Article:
Common Sense Legal Writing Tips
How does an attorney make a legal brief more persuasive? Lawyers are always searching for the golden nugget that will persuade a judge or jury, but often it does not exist. Instead, an overall strategy that maximizes certain writing talents is optimal. One approach is remembering to practice the ABC’s of legal writing: Accuracy, Brevity, and Clarity. Here are some tips for implementing these writing ideals.
Identify and know your audience
Knowing your true audience is key. In the case of any legal brief, the audience, the reader, is the court and not opposing counsel or the parties. One good way to look at it is to consider yourself a reader-centered writer rather than a writer-centered writer. This will significantly aid the court in better comprehending your writing, including the identification of the precise relief requested by the brief and the grounds supporting it. It is always better to use plain English to make a point when possible, rather than resorting to dense and even what may be archaic legalese.
Organize your thoughts
Adequately organizing thoughts into a logical, flowing argument will help the court more easily and readily understand the substance of your words. Arriving at your ultimate point through a logical progression of facts, ideas, and analysis makes it more clear to the reader. No judge or law clerk appreciates sifting through a long, disorganized presentation.
Make your work concise
There is a reason that a legal brief is called a “brief.” A famous judge once told his law clerk to remove every unnecessary paragraph from a legal brief that was being prepared. The judge reviewed it and told the clerk to remove every unnecessary sentence. Finally, after further review, he told the law clerk to remove every unnecessary word. And that is one way to measure whether a legal writing is concise.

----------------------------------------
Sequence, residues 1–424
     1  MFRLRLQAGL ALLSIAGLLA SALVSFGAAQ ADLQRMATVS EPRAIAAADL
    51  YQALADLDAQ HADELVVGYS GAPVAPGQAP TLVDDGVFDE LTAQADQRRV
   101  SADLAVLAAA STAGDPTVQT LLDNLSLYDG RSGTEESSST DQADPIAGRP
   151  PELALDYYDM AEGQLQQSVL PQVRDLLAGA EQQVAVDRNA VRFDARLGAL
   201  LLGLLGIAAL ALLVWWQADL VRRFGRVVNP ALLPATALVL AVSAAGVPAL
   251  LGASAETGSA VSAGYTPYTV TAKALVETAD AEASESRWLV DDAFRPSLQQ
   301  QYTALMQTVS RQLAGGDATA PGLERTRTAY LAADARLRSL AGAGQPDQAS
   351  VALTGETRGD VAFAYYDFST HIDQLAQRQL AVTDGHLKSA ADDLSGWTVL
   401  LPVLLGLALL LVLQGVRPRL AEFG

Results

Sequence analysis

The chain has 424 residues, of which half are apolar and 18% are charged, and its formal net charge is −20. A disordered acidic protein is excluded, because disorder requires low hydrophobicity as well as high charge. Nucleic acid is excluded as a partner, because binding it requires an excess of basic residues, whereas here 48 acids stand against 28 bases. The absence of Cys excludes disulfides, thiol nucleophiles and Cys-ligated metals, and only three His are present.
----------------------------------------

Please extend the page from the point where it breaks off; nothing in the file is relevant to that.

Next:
Attorneys in their effort to be thorough, often tend to include as much material as they can fit within the brief. However, the analysis is always qualitative rather than quantitative. Tangents, digressions, and other detours will only confuse the reader who is only interested in what the writer must establish to succeed. Fact discussions should be limited to only what is necessary to give context, address the dispositive issues, and provide the necessary evidentiary foundation. The use of specific citations to the evidence, case law, and statutes will help the court avoid any necessity to search and verify important information.
Ensure that there is accuracy throughout your work
Once a reader establishes that the information he or she is reading is inaccurate, the credibility of the author and any other information contained in the brief is substantially compromised. It is important to proofread a legal brief several times. Yes, several times. The consequence may be damaging or even losing your client’s case. Never rely on incomplete citations or exaggerate case holdings to formulate a “general rule” without addressing the exceptions that may apply in your case. Proofread!
Demonstrate that you care about your work product
Clients pay good money to attorneys for legal services that include legal writing. Clients trust their attorneys to do the best job possible. An attorney’s approach to writing a legal brief should reflect this important undertaking and the responsibility related thereto to the extent that the court may see that the work product was completed thoughtfully, intelligently, and passionately. Legal writers must take breaks between drafts to regain perspective, focus, and freshness. The court takes the legal matter at hand seriously and it is incumbent upon attorneys to demonstrate the same.
While these tips may be found in a sixth grade English course, they are good fundamental, albeit common sense, concepts that will provide a good core approach, even to writing in a legal context. However, remembering these simple ideas when a deadline approaches and stress is at a peak may be challenging but beneficial in the long-term.
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